This is clearly seen in that even people who are scrupulous about drafting wills, securing life insurance, having an estate plan, etc. (which is far too few people to begin with) hugely neglect long-term care insurance.

And, of course, the politicians act "rationally irrational" in response to this, by correspondingly mal-forming the national health care system, Medicare in particular.

I.e.: Medicare covers routine medical expenses that everybody knows they will incur -- regular doctor visits, tests, drugs, etc -- from the first dollar ... but doesn't cover long-term care needs.

This is like an auto insurance system that pays for all your gasoline, oil changes, new tires, detailing and other routine operating expenses -- but *doesn't* cover you if you smash your car head-on and go flying through the windshield.

By any measure of economic rationality this is insane. Paying first-dollar costs for routine, fully expected expenses greatly increases demand for them and thus the system's total cost -- while leaving truly catastrophic risks that should be covered by risk pooling ignored, and still out there to destroy people and families. If you wanted a *worse* expense-to-benefit ratio for the entire system, how would you start other than like this?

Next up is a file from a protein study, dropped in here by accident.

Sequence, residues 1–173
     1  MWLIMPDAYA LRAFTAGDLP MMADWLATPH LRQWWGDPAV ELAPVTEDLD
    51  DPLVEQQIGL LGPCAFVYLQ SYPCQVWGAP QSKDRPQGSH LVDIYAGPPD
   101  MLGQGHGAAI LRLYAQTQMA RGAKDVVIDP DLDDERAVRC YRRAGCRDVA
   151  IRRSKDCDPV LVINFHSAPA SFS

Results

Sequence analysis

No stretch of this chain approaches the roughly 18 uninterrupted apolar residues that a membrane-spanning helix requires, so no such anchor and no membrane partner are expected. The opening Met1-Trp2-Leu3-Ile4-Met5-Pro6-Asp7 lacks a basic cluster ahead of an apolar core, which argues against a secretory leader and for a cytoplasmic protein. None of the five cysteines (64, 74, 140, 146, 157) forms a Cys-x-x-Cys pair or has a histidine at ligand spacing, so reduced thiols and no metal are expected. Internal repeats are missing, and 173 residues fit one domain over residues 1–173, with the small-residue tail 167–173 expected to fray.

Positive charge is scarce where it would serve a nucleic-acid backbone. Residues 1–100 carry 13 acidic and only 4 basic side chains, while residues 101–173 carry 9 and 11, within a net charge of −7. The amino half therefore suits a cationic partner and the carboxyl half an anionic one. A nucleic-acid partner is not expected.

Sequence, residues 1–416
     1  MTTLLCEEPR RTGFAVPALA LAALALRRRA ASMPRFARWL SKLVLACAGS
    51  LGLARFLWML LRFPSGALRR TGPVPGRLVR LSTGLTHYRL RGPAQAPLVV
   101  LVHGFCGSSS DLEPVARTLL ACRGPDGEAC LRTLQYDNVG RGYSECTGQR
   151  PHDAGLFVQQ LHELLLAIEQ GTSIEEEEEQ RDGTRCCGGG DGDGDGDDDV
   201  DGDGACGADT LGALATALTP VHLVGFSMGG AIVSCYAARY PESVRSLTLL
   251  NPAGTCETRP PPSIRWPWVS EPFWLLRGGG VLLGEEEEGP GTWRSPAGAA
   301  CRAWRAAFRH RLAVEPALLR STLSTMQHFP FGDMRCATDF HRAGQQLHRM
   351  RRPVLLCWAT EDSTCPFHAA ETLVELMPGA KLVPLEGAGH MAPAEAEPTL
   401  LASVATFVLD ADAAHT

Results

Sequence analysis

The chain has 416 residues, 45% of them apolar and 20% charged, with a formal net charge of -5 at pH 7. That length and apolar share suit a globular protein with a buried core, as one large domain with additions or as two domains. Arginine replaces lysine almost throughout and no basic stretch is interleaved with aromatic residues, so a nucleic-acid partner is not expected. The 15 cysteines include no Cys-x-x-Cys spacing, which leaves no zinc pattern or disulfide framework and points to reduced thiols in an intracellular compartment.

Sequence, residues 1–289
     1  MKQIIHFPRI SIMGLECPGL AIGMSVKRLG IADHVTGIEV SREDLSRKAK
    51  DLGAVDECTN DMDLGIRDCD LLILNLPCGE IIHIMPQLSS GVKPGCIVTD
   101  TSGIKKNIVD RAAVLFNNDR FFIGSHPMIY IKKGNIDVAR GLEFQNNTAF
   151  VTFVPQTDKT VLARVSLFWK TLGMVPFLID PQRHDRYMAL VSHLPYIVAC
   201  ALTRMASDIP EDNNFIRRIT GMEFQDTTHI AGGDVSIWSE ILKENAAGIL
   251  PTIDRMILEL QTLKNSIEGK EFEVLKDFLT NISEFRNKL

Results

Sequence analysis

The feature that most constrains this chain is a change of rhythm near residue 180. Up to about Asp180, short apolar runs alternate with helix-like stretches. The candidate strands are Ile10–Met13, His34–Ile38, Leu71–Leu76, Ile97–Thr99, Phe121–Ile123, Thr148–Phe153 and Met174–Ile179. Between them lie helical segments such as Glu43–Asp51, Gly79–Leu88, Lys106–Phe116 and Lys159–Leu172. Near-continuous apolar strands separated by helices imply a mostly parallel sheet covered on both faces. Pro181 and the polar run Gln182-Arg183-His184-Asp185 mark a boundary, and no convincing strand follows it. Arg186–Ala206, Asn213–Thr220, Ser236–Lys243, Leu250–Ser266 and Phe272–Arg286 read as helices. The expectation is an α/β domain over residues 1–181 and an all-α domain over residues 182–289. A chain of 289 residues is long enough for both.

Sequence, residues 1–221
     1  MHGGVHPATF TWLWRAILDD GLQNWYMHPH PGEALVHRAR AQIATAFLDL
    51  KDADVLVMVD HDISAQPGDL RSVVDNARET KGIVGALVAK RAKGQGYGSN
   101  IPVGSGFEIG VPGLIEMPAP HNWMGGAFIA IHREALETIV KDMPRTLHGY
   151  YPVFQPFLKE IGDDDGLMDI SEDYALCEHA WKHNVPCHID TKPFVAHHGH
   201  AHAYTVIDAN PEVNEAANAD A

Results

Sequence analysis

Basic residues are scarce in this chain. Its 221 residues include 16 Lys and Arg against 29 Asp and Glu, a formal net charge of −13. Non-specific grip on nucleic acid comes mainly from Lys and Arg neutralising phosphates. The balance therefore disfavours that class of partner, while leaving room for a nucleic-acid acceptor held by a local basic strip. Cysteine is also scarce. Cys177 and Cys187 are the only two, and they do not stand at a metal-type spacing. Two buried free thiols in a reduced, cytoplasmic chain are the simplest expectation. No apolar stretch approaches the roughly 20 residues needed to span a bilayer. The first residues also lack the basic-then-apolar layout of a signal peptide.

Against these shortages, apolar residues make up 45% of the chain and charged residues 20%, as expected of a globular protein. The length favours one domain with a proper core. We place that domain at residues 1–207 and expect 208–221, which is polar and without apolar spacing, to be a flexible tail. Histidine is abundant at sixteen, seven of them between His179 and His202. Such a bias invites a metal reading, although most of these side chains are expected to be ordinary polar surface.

But by political logic this design is completely rational. The politicians are getting votes by covering the expenses that voters think they will incur, and not covering expenses voters think they won't incur.

In fact, what other kind of system is possible given the voters' beliefs? Any politician who tried to reverse the formula -- cutting reimbursement for routine expenses to pay for new long-term care coverage -- would be "quickly removed from the political gene pool".

Should anyone doubt this, just remember how Dan Rostenkowski was literally attacked in the street by an AARP mob when Congress enacted a "catastrophic coverage" long-term care benefit accompanied by a little premium that seniors were to pay for it - and how quickly after that attack Congress repealed it! Congress sure remembers.

Silas Barta writes:

That's pretty much what I'm doing, minus the part about personally voting for the stupid, screw-the-future policies.

Jerry G. writes:

Touch of gray in the silver lining: In order to fill the inevitable gap between (meager) public retirement benefits and individual savings, the government will tax or inflate away the extra savings of those more prudent people who recognized the system's shortcomings. See housing bubble, foreclosure mess.